Nepal Documentary Advice
Posted 20 February 2007 - 03:05 PM
So I am going to be following a Catholic Zen Monk through India and Nepal. We will be backpacking 14 days up to Everest Base Camp and back. Right now I am thinking that I am going to try to connect the idea of Zen Spirituality with Everest and "A Gentle Walk through the park" as the monk calls it, as well as my experience making the film and finding my own spirituality.
?Canon XL2 with the 20x Lens
?Kata Backpack for the Camera
?6 BP945 (Cheap Ebay Knockoffs) and a Dual Battery CH-910
?Oktava MC012 Mic and Boom Setup - 30ft. XLR cable
?Sennheiser G2 Wireless System with Countryman B6
?3 Filters: UV, Circular Polarizer, and Graduated ND
?Kata Rain Cover
?60 Tapes - Panasonic PQ
?Backup Camera - Sony Consumer TRV50 with 2 Batteries and a Light
?Various Cleaning - Lens Pen, Fluid, etc.
I will be shooting in 24pa 16x9
I am going to have a sound assistant, who also has a high quality handheld audio recorder, called a Zoom. Records onto SD Cards.
Since I will be putting all this gear on my back, I am trying to keep the weight down. For about 6 days there will be no electricity, which is why I have 6 batteries. 2 with the dual battery seem to last for a good 10 hours.
Has anybody filmed in this area and has any suggestions?
One issue Im a little nervous about is customs. I am supposed to get film permits, but I can't afford it, so I am going to claim everything is personal. (Thought about calling myself a bird watcher, gonna brush up on my bird knowledge). All the equipment is in one bag, except for the tripod and boom pole. I have also been giving tapes to different people to bring in.
So any advice or ideas concerning the doc idea, equipment, or anything else would be extremely helpful.
Posted 20 February 2007 - 03:13 PM
The Canadian Broadcasting Company (CBC) will pay you 3 million for this
Posted 20 February 2007 - 03:57 PM
Search the forum. We have some Nepalese members.
Posted 20 February 2007 - 04:29 PM
If you are on Journalist visa then its okay. Nepal is bit unpredictable, anyway. Video Camera is fine you could be a visitor who is carrying a personal camera of your own, making videos of your own trip. But with BOOM rods and Tripod am not sure how they going to look at the whole thing. Tripod (esp. Video/film ones) and boom rod invites lot of attention. It shouldn't be a problem if you have papers. In India things should be better.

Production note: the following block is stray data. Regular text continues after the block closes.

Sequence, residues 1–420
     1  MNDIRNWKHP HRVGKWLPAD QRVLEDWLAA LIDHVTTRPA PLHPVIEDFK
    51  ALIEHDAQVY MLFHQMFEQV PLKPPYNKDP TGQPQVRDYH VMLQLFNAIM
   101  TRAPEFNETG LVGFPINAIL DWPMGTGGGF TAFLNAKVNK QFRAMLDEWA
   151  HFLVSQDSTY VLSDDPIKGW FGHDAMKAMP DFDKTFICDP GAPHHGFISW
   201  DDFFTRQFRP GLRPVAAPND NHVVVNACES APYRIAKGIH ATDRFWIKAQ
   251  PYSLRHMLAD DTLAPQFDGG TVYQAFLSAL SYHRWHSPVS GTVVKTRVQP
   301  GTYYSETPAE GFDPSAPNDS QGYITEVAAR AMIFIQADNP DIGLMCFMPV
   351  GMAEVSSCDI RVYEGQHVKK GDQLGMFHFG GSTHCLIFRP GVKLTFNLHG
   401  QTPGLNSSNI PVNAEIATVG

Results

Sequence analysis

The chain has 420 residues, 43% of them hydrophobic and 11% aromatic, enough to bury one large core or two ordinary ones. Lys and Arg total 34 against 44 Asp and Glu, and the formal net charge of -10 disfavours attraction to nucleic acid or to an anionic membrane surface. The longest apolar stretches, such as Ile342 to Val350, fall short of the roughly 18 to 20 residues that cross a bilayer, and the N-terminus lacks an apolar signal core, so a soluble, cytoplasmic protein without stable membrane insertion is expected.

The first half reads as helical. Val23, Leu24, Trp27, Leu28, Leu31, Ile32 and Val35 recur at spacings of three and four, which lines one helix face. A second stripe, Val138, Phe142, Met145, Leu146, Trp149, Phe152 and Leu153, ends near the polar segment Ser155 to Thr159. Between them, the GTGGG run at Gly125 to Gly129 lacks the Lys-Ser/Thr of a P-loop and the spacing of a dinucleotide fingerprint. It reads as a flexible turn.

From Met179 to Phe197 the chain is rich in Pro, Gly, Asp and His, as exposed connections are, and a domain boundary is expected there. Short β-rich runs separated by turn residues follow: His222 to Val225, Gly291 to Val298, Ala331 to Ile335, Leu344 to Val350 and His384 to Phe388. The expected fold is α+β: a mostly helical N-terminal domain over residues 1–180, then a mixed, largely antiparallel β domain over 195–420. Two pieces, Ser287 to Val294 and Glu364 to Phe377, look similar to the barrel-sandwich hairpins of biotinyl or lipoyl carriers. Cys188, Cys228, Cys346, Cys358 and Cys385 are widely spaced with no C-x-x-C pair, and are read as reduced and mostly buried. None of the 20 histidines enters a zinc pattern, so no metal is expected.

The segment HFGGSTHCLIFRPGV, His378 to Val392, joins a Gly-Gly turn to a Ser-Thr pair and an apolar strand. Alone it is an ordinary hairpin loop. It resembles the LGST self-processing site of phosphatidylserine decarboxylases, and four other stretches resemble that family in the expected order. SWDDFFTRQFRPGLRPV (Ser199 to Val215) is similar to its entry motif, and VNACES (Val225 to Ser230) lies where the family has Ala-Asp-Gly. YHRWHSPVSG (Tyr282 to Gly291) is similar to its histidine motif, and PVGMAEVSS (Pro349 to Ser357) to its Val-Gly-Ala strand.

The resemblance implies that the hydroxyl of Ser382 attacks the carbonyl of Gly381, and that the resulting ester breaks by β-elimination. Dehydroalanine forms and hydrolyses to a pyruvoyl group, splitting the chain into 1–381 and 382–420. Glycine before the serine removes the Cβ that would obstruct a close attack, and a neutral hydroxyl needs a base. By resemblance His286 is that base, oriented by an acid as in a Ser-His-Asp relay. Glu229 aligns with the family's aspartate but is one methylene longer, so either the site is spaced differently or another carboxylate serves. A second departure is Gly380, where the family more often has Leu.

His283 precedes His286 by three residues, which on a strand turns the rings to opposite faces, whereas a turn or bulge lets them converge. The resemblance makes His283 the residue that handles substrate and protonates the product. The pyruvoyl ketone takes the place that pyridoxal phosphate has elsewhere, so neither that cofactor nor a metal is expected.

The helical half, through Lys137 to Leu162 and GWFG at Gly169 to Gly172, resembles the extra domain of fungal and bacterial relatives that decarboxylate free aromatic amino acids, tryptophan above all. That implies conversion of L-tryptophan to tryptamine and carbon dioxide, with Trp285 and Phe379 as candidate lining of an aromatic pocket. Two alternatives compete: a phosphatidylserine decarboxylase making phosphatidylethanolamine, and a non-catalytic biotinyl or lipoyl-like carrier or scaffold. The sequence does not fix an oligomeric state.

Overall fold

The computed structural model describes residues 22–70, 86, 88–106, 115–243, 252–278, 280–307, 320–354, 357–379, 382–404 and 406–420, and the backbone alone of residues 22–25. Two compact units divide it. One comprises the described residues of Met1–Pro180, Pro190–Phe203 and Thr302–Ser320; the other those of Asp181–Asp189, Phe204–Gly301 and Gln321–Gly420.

I shot with Panasonic dvx100 in India and Pakistan we had radio mics and a Sennheiser K6 mostly on camera. They normally don't check what you are carrying as a foreign tourist and Photograph/Video equipment goes in easily.
Posted 20 February 2007 - 05:18 PM
Posted 20 February 2007 - 06:35 PM
Posted 20 February 2007 - 06:40 PM
Posted 20 February 2007 - 07:00 PM
Im actually flying to lukla, then hiking from there. The hike itself isn't too hard, 5 miles a day. The altitude will be a problem maybe. I've been up to 14,500 without a problem, but I also wasn't carrying 45lbs of equipment. I am gonna have 60 tapes for the entire month, and I will probably send them back DHL as I shoot them, so no risk of getting them confiscated. Probably wouldn't hurt to carry a lot of cash, to pay people off perhaps.
Brandon, you won't have to carry anything. It will be quite easy for you to hire assistants in the Khumbu Valley. I never had to pay any bribes when I was in this part of the world, but who knows what it is like now that Maoist factions are making a project out of blowing things up in the region. That means there will likely be more of a military presence. When I was there, I never saw police, military or anything like that - just monks, tourists Tibetan refugees and people living their every day lives there.
Looks like lots of people video recording things up there based on a Khumbu YouTube search:
maybe you should contact some of these folks.